Gina writes:

Starting about two weeks ago, the temperature in Koraput dropped to about 45F (8C) at night and 75F (25C) during the warmest part of the day. You're probably thinking, "Big deal! That sounds pretty nice!" Well, let me tell you why it's not so nice.

Basically, India's buildings are structured to withstand and temper the heat, not the cold. When considering construction, the cold temperatures that come for only 1-2 months per year aren't as important as the hot temperatures that are there during 6 or more months of the year.

  • Floors are concrete or marble, which keeps the surface cooler in hot temperatures, but also COLD in cool temperatures. Since shoes are not worn inside most buildings, warmth can just drain out through the bottoms of your feet.
  • Windows are not sealed when they're closed, so cold air seeps in through any gaps in the wooden shutters. In almost every building I've seen, there are vents at the top of the walls that are permanently open to the elements. They let the heat escape, which is good in the summer and bad in the winter.
  • Since the buildings are made to deflect the heat, the concrete walls and floors take a long time to warm up. As I write this, it's 11 a.m. and 55F (13C). I'm wearing socks and a sweater, but am still chilly. It will warm up a bit in a few hours, but then the temperature will plummet again at about 4 p.m.
  • Even if you feel cold inside, it's pretty much guaranteed that the sun is out and is warm but not hot. A few trips outside each day do wonders for the body! Actually, it's strange to walk outside for awhile and feel hot and sweaty and then come inside to feel cold.
  • It probably doesn't need to be said, but NO, the buildings are not heated in any way!

The other thing to remember is that we don't have hot water. We don't have a geyser either (an electric heater for water to pass through before coming out of the tap). I broke down a few weeks ago and started heating water on the stove for a bucket bath. Corey is superhuman and just started doing so this week. The hot bucket bath is nice, but the uncloseable window in the bathroom makes it slightly less of a luxury.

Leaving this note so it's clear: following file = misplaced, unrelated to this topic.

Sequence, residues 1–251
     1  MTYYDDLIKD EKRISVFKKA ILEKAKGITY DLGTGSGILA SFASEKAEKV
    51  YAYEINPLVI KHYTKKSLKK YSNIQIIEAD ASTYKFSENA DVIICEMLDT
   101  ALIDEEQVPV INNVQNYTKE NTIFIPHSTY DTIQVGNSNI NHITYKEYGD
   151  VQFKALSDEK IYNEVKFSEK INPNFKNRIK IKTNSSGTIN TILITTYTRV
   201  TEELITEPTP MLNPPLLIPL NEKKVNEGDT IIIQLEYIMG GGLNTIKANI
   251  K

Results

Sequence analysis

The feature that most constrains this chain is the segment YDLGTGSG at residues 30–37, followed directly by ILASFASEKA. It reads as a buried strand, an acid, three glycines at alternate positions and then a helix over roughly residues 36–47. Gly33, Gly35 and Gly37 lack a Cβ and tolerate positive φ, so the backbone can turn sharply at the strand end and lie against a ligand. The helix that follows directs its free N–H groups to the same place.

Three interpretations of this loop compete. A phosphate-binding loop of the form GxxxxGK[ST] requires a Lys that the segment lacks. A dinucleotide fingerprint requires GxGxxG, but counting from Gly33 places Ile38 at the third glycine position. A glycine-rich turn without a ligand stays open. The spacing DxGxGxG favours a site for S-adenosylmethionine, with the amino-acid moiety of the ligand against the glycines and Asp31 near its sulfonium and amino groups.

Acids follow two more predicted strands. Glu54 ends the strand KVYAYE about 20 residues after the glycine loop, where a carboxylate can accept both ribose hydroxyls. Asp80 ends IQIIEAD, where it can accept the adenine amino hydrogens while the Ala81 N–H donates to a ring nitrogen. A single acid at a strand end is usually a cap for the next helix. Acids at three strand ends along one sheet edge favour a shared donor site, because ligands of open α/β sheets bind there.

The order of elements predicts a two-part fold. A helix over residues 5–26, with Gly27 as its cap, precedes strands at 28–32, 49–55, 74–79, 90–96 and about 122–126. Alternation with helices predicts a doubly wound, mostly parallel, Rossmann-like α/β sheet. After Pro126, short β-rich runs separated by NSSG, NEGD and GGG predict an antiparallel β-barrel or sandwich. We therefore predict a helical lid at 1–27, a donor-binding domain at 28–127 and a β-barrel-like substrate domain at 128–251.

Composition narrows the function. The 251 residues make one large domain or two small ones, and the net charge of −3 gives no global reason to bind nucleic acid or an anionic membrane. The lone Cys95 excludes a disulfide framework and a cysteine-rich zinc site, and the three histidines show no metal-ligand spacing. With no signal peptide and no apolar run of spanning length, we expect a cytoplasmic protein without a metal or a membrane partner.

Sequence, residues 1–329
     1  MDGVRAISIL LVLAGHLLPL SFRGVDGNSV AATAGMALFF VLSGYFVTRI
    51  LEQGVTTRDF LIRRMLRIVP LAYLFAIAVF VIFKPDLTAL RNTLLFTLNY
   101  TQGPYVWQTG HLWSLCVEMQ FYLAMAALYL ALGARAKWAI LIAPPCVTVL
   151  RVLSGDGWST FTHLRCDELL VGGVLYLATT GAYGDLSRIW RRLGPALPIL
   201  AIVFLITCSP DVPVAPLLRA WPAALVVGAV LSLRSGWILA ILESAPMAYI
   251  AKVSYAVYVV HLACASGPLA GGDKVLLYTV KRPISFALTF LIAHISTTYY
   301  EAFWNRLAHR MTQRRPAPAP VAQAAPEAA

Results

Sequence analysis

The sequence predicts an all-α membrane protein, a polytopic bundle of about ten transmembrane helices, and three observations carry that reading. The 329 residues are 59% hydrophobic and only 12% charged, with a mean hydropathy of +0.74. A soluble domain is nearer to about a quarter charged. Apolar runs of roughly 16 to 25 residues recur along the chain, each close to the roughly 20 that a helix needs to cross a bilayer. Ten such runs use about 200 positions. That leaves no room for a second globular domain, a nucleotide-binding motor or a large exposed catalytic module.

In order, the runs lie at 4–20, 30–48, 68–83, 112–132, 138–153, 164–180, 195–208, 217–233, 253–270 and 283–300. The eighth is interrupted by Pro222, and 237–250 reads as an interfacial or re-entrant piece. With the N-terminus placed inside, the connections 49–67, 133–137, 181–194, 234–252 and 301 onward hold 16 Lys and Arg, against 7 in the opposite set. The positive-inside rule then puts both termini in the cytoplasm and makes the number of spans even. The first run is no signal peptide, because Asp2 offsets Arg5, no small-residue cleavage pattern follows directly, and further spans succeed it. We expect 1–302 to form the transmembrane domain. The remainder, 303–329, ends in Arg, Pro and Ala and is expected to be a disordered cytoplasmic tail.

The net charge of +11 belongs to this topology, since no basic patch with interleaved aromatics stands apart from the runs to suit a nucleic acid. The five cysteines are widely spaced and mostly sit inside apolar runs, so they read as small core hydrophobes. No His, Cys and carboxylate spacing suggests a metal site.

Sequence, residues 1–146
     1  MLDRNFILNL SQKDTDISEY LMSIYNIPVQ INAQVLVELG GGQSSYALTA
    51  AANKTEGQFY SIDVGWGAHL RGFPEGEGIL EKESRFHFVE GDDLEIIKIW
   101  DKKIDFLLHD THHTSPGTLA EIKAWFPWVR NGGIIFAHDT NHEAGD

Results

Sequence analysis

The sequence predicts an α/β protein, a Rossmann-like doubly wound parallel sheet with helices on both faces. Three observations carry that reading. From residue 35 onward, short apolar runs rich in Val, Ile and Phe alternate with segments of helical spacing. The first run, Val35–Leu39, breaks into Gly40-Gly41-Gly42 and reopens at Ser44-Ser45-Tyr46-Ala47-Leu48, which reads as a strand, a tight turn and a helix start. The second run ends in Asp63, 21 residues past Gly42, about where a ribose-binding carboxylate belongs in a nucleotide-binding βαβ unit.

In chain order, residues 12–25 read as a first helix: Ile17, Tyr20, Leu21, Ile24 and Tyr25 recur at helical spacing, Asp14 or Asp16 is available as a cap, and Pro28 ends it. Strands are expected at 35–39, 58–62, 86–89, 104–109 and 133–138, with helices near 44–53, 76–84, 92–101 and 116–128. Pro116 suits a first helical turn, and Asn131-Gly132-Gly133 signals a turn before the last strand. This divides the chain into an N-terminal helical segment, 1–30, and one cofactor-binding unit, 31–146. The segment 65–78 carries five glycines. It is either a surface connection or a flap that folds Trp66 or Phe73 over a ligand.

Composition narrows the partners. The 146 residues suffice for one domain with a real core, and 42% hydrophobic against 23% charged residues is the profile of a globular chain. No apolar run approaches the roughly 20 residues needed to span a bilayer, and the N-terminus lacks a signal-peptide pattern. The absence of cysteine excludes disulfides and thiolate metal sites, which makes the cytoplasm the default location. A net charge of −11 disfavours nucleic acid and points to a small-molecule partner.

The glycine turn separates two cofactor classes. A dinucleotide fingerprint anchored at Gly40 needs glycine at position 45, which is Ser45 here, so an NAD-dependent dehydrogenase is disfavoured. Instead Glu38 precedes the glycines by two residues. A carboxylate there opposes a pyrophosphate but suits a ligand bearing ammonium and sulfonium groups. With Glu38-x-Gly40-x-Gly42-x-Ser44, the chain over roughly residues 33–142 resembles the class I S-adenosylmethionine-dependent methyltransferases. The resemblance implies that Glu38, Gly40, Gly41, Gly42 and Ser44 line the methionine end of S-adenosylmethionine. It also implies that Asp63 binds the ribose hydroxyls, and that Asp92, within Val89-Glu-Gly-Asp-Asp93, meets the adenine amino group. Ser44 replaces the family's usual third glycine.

To deal with the cold, Indians have some interesting clothing solutions. Children and adults both wear earmuffs (and usually camouflage-patterned). They're threshhold for cold must be pretty low, because the earmuffs can be seen in abundance whenever the temp dips below 60F (15C).

Also popular here is the hat/scarf combo piece or the ski mask style hat. People even wear them while sitting at their desks in the office!

What seems to be the fad this year is for men to wear fuzzy, colorful vests. Corey wants one, but it's just not in our budget...

Men wear jackets to keep them warm, but I've never seen a woman wearing a jacket. I've seen a few sweaters over saris, but only shawls instead of jackets. Shawls let in cold air when I wear them, so I've worn the same 2 sweaters for weeks now!

The forecast for later in the week is warmer, so I'll keep my fingers crossed. In the meantime, be grateful for your hot water, heated homes, and carpeted floors!